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(c) CELEBRATED EPITAPHS CONSIDERED.

From the Author's Mss.

I VINDICATE the rights and dignity of Nature; and as long as I condemn nothing without assigning reasons not lightly given, I cannot suffer any individual, however highly and deservedly honoured by my countrymen, to stand in my way. If my notions are right, the epitaphs of Pope cannot well be too severely condemned; for not only are they almost wholly destitute of those universal feelings and simple movements of mind which we have called for as indispensible, but they are little better than a tisue of false thoughts, languid and vague expressions, unmeaning antithesis, and laborious attempts at discrimination. Pope's mind had been employed chiefly in observation upon the vices and follies of men. Now, vice and folly are in contradiction with the moral principle which can never be extinguished in the mind; and therefore, wanting the contrast, are irregular, capricious, and inconsistent with themselves. If a man has once said (see Friend, No......), 'Evil, be thou my good!' and has acted accordingly, however strenuous may have been his adherence to this principle, it will be well known by those who have had an opportunity of observing him narrowly that there have been perpetual obliquities in his course; evil passions thwarting each other in various ways; and now and then, revivals of his better nature, which check him for a short time or lead him to remeasure his steps :—not to speak of the various necessities of counterfeiting virtue, which the furtherance of his schemes will impose upon him, and the division which will be consequently introduced into his nature.

It is reasonable then that Cicero, when holding up Catiline to detestation; and (without going to such an extreme case) that Dryden and Pope, when they are describing characters like Buckingham, Shaftsbury, and the Duchess of Marlborough, should represent qualities and actions at war with each other and with themselves; and that the page should be suitably crowded with antithetical expressions. But all this argues an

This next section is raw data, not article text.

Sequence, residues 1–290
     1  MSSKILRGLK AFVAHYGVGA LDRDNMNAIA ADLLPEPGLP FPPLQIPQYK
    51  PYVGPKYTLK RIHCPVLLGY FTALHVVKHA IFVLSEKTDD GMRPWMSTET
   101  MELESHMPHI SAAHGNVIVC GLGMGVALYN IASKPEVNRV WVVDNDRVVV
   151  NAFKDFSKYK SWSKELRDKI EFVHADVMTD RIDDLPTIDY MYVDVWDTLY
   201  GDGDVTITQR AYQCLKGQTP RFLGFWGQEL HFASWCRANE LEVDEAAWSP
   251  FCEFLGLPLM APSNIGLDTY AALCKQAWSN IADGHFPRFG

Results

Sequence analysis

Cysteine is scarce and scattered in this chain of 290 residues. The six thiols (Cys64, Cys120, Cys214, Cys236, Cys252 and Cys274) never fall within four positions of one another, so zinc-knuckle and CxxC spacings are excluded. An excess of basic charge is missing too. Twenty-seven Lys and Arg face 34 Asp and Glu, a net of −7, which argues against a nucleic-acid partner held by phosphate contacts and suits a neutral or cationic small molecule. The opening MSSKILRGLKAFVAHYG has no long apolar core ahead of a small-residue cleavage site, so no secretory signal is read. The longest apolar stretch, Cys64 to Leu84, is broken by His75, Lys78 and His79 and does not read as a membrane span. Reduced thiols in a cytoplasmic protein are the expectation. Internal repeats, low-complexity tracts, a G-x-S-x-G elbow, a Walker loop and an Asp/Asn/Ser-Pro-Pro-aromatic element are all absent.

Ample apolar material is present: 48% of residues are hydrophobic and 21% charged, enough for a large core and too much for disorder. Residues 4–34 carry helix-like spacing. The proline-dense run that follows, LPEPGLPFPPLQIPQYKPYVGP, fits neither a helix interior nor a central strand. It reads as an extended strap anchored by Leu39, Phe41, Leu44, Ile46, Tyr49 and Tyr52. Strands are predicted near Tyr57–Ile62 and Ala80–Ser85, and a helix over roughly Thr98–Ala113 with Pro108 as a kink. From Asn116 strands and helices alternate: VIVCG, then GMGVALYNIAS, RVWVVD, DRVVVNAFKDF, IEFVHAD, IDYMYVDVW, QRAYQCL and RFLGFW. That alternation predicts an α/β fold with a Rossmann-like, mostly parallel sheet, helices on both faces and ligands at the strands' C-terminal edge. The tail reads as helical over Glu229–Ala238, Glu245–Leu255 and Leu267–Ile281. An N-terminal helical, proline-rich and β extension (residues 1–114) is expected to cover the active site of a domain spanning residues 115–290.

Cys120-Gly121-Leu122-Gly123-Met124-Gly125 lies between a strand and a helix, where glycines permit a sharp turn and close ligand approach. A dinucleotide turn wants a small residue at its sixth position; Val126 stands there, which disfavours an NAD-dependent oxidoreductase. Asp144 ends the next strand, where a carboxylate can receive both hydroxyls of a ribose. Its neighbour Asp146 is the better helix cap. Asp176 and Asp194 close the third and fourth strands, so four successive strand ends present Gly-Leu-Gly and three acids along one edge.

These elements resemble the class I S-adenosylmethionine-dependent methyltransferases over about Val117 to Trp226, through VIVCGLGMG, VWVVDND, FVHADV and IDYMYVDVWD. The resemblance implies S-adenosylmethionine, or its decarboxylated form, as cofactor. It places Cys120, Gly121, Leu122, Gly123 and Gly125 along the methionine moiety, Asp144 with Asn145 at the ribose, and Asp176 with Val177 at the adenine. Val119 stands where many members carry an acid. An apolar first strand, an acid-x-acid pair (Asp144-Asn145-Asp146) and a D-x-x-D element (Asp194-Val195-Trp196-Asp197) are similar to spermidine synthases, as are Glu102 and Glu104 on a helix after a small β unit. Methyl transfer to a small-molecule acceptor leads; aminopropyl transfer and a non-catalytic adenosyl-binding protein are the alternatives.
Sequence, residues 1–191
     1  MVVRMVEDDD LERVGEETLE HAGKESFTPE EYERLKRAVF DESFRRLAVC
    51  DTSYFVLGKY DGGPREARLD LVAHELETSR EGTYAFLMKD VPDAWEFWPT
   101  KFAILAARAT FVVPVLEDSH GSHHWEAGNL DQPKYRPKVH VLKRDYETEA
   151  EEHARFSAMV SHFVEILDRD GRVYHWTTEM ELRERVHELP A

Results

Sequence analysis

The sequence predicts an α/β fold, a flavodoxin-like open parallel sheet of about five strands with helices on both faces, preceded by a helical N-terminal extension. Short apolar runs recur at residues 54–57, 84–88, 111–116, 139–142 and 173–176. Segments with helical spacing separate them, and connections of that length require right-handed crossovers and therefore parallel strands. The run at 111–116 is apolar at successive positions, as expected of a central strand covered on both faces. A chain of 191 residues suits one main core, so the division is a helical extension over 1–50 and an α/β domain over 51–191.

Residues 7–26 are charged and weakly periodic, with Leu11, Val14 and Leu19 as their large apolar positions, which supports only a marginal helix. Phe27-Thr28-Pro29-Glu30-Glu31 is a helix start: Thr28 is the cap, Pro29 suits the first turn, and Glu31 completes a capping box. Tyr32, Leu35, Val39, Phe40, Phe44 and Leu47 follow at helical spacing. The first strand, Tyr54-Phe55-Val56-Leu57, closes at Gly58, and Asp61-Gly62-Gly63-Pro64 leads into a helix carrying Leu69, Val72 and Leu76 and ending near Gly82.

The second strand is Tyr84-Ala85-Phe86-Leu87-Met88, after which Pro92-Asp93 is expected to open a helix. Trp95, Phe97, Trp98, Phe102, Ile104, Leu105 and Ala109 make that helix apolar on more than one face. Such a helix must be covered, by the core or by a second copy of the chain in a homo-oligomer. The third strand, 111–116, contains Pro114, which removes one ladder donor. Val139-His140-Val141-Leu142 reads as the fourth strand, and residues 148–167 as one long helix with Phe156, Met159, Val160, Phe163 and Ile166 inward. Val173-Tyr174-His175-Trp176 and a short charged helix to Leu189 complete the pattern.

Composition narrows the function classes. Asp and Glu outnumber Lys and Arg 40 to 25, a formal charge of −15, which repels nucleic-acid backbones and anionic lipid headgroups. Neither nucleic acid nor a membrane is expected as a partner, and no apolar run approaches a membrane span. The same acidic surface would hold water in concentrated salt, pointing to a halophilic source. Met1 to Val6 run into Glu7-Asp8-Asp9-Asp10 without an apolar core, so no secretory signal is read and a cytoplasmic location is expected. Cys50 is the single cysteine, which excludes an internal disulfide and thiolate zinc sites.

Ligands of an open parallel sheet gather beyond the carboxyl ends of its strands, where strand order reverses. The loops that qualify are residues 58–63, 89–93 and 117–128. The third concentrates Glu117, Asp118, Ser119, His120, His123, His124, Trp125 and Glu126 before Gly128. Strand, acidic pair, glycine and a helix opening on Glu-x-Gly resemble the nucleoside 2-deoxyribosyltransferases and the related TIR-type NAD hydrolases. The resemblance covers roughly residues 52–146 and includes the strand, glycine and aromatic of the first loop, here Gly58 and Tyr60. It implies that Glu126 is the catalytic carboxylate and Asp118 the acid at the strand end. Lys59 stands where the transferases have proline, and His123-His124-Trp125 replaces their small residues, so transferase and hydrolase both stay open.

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obtuse moral sensibility and a consequent want of knowledge, if applied where virtue ought to be described in the language of affectionate admiration. In the mind of the truly great and good everything that is of importance is at peace with itself; all is stillness, sweetness and stable grandeur. Accordingly the contemplation of virtue is attended with repose. A lovely quality, if its loveliness be clearly perceived, fastens the mind with absolute sovereignty upon itself; permitting or inciting it to pass, by smooth gradation or gentle transition, to some other kindred quality. Thus a perfect image of meekness (I refer to an instance before given) when looked at by a tender mind in its happiest mood, might easily lead on to thoughts of magnanimity; for assuredly there is nothing incongruous in those virtues. But the mind would not then be separated from the person who is the object of its thoughts; it would still be confined to that person or to others of the same general character; that is, would be kept within the circle of qualities which range themselves quietly by each other's sides. Whereas, when meekness and magnanimity are represented antithetically, the mind is not only carried from the main object, but is compelled to turn to a subject in which the quality exists divided from some other as noble, its natural ally: a painful feeling! that checks the course of love, and repels the sweet thoughts that might be settling round the person whom it was the Author's wish to endear to us; but for whom, after this interruption, we no longer care. If then a man, whose duty it is to praise departed excellence not without some sense of regret or sadness, to do this or to be silent, should upon all occasions exhibit that mode of connecting thoughts, which is only natural while we are delineating vice under certain relations, we may be assured that the nobler sympathies are not alive in him; that he has no clear insight into the internal constitution of virtue; nor has himself been soothed, cheared, harmonized, by those outward effects which follow everywhere her goings,—declaring the presence of the invisible Deity. And though it be true that the most admirable of them must fall far short of perfection, and that the majority of those whose work is commemorated upon their tomb-stones must have been persons in whom good and evil were intermixed in various proportions and stood in various degrees of opposition to each other, yet the Reader will